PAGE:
Business websites are a lot like homes. We devote a considerable amount of thought, time, and effort to building or buying the perfect one. And moments after we settle in, we notice imperfections we’d really like to change.

It would be nice to have a mudroom. Is there a way we could move the kitchen sink to the island? Depending upon our budget and available time, we either pursue the upgrades or mentally plan to tackle them down the road.

Similarly, no sooner do we excitedly launch that new website than people start calling attention to what it lacks. It’s hard to find information about Model XPJ38. Should we think about adding an FAQ page? Once again, depending upon our budget and available time, we either pursue the upgrades or mentally plan to tackle them down the road.

Some home improvements are simple. But others lead us to take a longer look and wonder whether we wouldn’t be better off if we just built a new house. Instead of an incremental approach to our goals, starting from scratch would allow us to achieve them all at once.

The same is true of websites. The typical reaction to addressing perceived shortfalls is to fix something here, add something there, and maybe swap out a photo or two on those pages. That’s exactly what happens with most websites. It works, but over time something begins to happen. Like a house with poorly planned additions, the site begins to look a little ramshackle. This page looks different than the others, or the navigation isn’t as good as it should be.

No matter how frustrated they may become, most homeowners are reluctant to abandon what they have and build something new because they know it will be costly and take more time and effort than they’re willing to devote. And most companies would rather try to keep repairing and upgrading their existing websites than starting fresh.

Within the business context, the remodel-or-rebuild dilemma becomes more pronounced as key aspects of the company change. Maybe you just rolled out a new product line you hope represents the company’s future. Perhaps you just acquired another firm and are working hard to integrate their culture and what they do into your operations. Sure, you can tack on a few new pages, but that all too often starts to resemble a house with an unfortunate addition – the kind that makes you wonder what the owners were thinking.

One of the nicest things about websites is the fact they’re not physical. If you’re dissatisfied with your company’s office building, you can make renovations, but that’s likely to be expensive, complicated, and disruptive. Because a website is digital, it’s just a matter of creating fresh content, design, and code. In fact, you can do all of that without disrupting the functionality of your current website. A savvy marketing partner will do all the work in a development site inaccessible to the outside world. Once the new site has received your thumbs-up, it’s a fairly simple matter of swapping out the site you already have.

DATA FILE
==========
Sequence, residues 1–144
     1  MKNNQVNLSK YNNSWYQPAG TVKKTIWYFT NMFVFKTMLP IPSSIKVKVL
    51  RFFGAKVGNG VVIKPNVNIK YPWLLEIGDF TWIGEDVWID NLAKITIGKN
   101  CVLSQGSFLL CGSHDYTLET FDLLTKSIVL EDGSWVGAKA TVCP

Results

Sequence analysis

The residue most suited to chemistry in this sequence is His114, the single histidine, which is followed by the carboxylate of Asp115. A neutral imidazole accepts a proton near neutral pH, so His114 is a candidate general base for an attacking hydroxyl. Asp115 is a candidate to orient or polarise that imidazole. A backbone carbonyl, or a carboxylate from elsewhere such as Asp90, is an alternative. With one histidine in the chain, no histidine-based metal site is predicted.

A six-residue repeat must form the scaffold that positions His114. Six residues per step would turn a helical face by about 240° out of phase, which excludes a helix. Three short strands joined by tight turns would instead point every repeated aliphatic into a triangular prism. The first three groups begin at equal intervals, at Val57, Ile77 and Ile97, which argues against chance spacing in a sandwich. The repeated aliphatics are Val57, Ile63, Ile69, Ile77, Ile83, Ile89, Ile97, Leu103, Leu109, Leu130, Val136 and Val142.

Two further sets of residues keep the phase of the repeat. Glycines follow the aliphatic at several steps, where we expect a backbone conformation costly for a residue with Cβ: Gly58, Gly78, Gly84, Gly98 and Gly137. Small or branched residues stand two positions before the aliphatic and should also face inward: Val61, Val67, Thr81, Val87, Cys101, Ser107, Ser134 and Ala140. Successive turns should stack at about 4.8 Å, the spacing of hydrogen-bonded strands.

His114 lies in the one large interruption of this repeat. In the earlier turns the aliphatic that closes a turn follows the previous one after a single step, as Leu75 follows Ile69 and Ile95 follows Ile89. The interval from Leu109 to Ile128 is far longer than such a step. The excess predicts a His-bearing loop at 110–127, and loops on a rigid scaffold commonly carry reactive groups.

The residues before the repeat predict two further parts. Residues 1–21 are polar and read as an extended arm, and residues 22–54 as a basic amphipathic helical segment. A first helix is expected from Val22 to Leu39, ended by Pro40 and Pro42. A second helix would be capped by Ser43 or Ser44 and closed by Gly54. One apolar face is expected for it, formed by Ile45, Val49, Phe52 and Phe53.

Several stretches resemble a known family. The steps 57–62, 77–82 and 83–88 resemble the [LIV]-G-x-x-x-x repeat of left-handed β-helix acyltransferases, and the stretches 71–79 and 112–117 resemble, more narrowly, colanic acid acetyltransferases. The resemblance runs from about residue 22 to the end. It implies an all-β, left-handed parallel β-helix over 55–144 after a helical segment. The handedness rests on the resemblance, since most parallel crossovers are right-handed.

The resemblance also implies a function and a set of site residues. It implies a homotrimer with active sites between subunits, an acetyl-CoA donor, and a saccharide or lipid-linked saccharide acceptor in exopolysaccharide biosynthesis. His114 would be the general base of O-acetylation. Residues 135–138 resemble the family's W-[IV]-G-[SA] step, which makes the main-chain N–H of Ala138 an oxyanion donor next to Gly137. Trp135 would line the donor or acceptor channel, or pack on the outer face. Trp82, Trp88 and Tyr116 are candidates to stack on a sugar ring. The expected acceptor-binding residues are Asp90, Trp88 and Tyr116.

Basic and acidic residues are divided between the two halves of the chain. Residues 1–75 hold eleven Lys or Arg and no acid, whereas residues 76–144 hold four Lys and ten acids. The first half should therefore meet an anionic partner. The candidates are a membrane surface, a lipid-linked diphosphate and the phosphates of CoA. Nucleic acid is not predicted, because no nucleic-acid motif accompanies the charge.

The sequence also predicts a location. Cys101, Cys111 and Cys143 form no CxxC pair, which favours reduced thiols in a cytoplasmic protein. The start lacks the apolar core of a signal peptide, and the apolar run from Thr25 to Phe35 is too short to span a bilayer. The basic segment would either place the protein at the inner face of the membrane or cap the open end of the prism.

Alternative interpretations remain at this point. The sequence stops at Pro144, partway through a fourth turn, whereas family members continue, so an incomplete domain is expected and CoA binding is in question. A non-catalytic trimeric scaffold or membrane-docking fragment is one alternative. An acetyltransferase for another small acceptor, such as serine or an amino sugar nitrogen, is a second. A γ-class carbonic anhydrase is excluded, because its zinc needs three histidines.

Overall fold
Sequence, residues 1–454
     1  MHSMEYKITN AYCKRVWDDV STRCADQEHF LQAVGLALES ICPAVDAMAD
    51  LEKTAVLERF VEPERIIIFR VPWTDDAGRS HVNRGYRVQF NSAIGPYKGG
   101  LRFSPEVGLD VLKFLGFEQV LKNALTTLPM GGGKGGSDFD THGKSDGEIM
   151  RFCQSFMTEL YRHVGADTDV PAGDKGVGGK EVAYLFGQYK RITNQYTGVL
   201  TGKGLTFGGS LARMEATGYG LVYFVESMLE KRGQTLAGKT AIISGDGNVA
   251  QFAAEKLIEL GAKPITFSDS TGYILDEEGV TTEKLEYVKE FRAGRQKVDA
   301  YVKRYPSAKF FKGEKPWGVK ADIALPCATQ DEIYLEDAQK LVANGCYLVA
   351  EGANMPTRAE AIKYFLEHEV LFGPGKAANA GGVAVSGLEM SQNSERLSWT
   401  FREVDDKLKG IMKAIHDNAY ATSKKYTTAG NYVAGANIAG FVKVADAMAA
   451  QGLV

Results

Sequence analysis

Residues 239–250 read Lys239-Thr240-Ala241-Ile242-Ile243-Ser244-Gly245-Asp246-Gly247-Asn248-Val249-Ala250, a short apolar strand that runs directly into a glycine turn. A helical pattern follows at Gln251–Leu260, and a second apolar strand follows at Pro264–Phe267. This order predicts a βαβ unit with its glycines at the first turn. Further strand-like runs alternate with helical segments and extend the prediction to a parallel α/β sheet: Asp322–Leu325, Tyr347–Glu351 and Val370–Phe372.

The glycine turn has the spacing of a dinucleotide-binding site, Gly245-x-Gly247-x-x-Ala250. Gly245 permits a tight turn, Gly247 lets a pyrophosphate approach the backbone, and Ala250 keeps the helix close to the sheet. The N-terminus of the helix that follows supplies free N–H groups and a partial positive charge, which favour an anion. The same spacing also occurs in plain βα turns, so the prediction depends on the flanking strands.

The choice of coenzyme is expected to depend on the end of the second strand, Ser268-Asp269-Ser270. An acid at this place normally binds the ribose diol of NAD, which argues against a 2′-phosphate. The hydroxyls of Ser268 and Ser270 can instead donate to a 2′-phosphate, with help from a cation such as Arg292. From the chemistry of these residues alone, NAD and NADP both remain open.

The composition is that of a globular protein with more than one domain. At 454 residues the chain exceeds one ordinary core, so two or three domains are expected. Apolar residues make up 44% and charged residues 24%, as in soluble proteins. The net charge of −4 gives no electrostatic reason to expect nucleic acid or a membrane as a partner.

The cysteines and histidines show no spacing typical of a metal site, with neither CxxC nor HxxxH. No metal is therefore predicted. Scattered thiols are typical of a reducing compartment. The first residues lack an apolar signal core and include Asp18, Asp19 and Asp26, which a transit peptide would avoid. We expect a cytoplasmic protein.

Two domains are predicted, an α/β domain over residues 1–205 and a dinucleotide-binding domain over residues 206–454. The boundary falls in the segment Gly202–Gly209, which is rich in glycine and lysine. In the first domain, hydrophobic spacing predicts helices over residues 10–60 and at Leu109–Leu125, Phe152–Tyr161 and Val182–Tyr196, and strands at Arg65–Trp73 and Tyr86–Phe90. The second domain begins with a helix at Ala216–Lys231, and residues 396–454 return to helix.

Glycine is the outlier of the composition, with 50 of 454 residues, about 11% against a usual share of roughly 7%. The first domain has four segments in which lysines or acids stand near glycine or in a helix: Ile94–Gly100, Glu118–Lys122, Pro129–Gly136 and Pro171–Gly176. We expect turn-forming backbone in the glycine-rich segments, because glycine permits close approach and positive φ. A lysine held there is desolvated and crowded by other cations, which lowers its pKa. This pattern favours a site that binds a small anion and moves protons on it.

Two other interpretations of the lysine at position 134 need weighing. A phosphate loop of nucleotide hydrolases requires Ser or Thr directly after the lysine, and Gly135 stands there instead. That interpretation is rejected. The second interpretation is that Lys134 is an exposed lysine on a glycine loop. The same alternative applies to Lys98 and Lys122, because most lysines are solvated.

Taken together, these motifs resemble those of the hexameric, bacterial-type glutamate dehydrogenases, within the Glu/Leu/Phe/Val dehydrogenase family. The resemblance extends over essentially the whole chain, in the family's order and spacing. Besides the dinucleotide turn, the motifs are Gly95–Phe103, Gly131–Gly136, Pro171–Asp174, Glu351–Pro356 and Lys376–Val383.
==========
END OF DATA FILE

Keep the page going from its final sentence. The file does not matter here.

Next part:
Is replacing your existing website a better decision than remodeling what you have? Just as with home renovation, decisions are required to some serious questions. What about your current site isn’t working as well as you hoped? How have your company and marketplace changed since it was developed? What features would you like to add (or remove)? Does your site include out-of-date information or discontinued products and services? And just as important, how adept has your marketing partner been at making changes?

There may be other reasons for starting from scratch you may not have considered. The software behind your current system may be hopelessly out-of-date, forcing your IT team or vendor to develop workarounds anytime you want to change something. Your current site may still be optimized for wide-screen monitors, making it a nightmare to navigate from a phone. It may not reflect current accessibility standards for users who have disabilities.

If you were thinking about tackling a major renovation project at your home, you’d probably begin by having a conversation with a trusted contractor. You’d explain the reasons for your project and detail what you have in mind. A good contractor would consider what you want to accomplish and maybe even offer better ideas you hadn’t considered or point out roadblocks that demand consideration of an alternate approach.

The right marketing partner will help you do the same, listening to your goals and helping you understand the best ways to accomplish them. You might decide a tweak here and there will accomplish what you’re after, or you just might decide it makes more sense to start from the beginning. Either way, you’ll have the expert advice you need.

Deborah Daily is co-owner of Buckaroo Marketing | New Media, a Fishers-based advertising agency established in 1999. She can be reached at dldaily@gobuckaroo.com.

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